ELEVENTH CREW REQUIRED RESOURCES EIGHTH RUSSIAN VISITING CREW ENEIDE ISM PROJECT IMAGE VIDEO

 
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INTERNATIONAL SPACE STATION
EXPEDITION ELEVEN (ISS-11)
ISS-11 PRIME CREW

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Sergei Konstantinovich KRIKALEV

ISS Commander,
Soyuz TMA transport spacecraft Commander,
Cosmonaut-Researcher,
S.P. Korolev Rocket&Space Corporation Energia, Russia

DATE AND PLACE OF BIRTH: August 27, 1958, Leningrad (now St. Petersburg).

EDUCATION: In 1981 he graduated from the Leningrad Mechanical Institute (Voyenmekh), the machine building department specializing in the Flight Vehicle Design and Manufacturing; got the honours diploma in Mechanical Engineering.

MARITAL STATUS: Married.
Wife: Yelena Yuryevna Terekhina born in 1956, works as engineer at RSC Energia.
Daughter: Olga Sergeevna Krikaleva, born in 1990, goes to school.

AWARD AND RANKS: Hero of the Soviet Union, Hero of the Russian Federation, the USSR Pilot-Cosmonaut. Awards: Gold Star Medal of the Hero of the Soviet Union; Order of Lenin; Gold Star Medal of the Hero of the Russian Federation; Order of Friendship of the Peoples. Awards from foreign countries: officer of the Legion of Honour (France), the NASA Space Flight Medals (1994, 1998, 2001); the NASA Distinguished Service Medal. Awards of scientific and social organizations: Order of Eagle First Class (Association of the Russian Manufacturers).

HOBBIES: Aerobatic flying, swimming, scuba diving, Alpine skiing, tennis, windsurfing, ham radio (X75M1K).

WORK EXPERIENCE: Since 1981 he has been working as engineer of NPO Energia's PDB. He was engaged in developing cosmonauts flight manuals, the proposals for operator's data imaging on panels and displays of the Mir orbital complex; updating flight documentation of the Salyut-7 station. In January 1984 he was selected by the test results as a candidate for the NPO Energia's cosmonauts team.
On September 2, 1985 he was taken on the staff of NPO Energia cosmonauts by the State Interdepartmental Committee’s resolution.
On November 10, 1985 he was appointed a candidate for test-cosmonauts of NPO Energia's cosmonauts team by the Order of the Minister for General Machine Building.
On February 11, 1987 he was appointed test-cosmonaut of NPO Energia's cosmonauts team.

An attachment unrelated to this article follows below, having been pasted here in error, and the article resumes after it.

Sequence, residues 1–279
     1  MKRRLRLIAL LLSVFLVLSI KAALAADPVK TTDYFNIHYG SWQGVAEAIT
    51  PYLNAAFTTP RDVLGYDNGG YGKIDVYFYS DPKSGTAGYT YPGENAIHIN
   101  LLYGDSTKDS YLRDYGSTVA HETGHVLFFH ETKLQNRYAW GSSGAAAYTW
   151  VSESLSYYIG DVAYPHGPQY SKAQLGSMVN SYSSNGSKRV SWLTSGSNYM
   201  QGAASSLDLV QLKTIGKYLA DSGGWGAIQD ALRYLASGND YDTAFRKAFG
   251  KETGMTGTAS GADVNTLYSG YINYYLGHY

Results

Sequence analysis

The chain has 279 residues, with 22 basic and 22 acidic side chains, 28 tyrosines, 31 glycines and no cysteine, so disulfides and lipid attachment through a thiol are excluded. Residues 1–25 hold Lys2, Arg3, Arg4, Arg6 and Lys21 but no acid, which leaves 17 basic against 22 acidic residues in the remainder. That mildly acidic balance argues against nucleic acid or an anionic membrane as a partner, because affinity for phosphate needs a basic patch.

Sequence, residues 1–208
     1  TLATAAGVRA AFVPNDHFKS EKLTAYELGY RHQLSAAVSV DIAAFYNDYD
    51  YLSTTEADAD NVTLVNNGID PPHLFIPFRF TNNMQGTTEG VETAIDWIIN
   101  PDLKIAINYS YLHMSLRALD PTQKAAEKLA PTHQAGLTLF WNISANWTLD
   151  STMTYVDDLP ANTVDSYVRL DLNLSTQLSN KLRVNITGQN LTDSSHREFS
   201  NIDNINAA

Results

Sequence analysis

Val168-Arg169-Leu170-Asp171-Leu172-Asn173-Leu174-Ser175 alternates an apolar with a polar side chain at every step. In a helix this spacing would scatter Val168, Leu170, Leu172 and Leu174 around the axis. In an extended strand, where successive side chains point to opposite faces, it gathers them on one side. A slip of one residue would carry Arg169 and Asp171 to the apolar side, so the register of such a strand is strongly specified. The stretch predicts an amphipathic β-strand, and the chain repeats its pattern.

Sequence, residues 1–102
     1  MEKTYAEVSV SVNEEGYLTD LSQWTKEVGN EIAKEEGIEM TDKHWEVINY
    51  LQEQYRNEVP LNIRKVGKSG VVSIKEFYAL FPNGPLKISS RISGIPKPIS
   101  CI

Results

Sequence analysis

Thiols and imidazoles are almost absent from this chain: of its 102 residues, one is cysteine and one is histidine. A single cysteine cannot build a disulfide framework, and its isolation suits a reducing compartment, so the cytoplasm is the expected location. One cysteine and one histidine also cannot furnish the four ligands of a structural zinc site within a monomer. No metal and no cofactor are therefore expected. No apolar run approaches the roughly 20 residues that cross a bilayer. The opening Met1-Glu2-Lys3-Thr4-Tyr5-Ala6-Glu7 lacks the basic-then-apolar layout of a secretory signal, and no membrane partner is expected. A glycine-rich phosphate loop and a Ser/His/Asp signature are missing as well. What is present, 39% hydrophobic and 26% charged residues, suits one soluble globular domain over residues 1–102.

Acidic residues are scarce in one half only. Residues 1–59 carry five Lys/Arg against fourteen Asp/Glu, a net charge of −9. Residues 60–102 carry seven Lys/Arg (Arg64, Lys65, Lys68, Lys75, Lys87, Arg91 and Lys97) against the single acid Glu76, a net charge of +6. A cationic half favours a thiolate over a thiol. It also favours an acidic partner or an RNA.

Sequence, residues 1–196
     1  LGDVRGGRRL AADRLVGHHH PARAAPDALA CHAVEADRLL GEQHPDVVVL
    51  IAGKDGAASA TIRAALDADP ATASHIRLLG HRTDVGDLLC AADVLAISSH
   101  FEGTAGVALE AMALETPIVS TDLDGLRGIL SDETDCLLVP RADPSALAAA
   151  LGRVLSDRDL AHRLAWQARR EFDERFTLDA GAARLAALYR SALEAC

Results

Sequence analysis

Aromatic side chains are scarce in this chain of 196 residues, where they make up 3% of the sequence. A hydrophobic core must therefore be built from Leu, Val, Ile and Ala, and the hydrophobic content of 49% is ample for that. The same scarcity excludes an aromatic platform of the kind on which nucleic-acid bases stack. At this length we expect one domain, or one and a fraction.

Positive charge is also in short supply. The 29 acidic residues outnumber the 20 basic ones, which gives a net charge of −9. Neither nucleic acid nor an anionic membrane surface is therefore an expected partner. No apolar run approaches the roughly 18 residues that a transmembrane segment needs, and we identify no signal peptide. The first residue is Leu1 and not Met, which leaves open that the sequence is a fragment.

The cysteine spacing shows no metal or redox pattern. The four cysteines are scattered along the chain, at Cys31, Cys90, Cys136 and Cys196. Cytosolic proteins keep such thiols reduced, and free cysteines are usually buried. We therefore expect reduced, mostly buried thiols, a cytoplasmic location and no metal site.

Since April 7, 1992 he has been instructor - test-cosmonaut, NPO Energia Deputy Head of Department.
He was employed at Mission Control Center (MCC), at first as a radiogram developer, then as a specialist in crew actions and flight documentation throughout several long-duration expeditions. After loss of communication with the Salyuit station in February 1985 he was involved in the team developing and testing the procedure to fly to the uncontrollable station. Before the prime crew (Dzhanibekov - Savinykh) trainings started, he had tested various options of the procedures as part of the support crew (Viktorenko - Krikalev).
As part of his work in the Department Krikalev took part in cosmonauts training at CTC and Baikonur. After joining the cosmonauts team he kept on working in the same Department as Team Lead and then as Deputy Head of Department. During 1985-1986 he took the course of basic space training at CTC after Y.A. Gagarin. In 1986 he was qualified as test-cosmonaut by the Interdepartmental Qualification Committee’s solution.
In 1986-1988 he took part in the cosmonauts team training under the Buran Program.
On March 22, 1988 as member of the crew (4th crew with Schukin) he replaced A. Kaleri discharged from the training because of the health problems, in the prime crew of the Soyuz TM-7.
During March 22, 1988 through November 11, 1988 he received training as the Soyuz TM-7 prime crew flight engineer under the Prime Crew-4/Aragats Program at the Mir OS along with A. Volkov and Jean Loup - Chretien (France).
He got training as the main tester for the first test of Extravehicular Maneuvering Unit (EMU).
Together with A. Volkov he made arrangements for the new Kvant-2 module acceptance and initial operational use. Under the Flight Program they received training in space walks.
His pioneer flight took place from November 26, 1988 to April 27, 1989. He flew as a flight engineer onboard the Soyuz-TM-7 space vehicle and Mir OS under the Prime Crew-4/Aragats Program. The flight duration was 151 days 11 hours 08 minutes 24 second.
In 1990 he got training as a flight engineer of the Soyuz TM-11 backup crew under the Prime Crew-8 Program and the Joint Soviet-Japanese flight onboard the Mir OS together with A. Artsebarsky and R. Kikuti (Japan).
From December 1990 through April 1991 he received training as a flight engineer of the Soyuz TM-12 prime crew under the Prime Crew-9 Program onboard the Mir OS along with A. Artsebarsky and H. Sharman (Great Britain).
From May 18, 1991 through March 25, 1992 he took part in the second space flight as the Soyuz TM-12 and Mir OS flight engineer under the Prime Crew-9 and Prime Crew-10 Programs. During the flight he performed 7 space walks with a total duration of 36 hours 29 min. The flight duration was 311 days 20 hours 00 minutes 54 seconds.
From November 1, 1992 through January, 1994 he got training at L. Johnson Space Center (NASA) as a flight expert of crew No 4 carried by the Discovery Orbiter under STS-60 Program. He completed the training and was certified to operate the Shuttle manipulator (for grappling free-flying satellite, including handling the satellite with loss of orientation).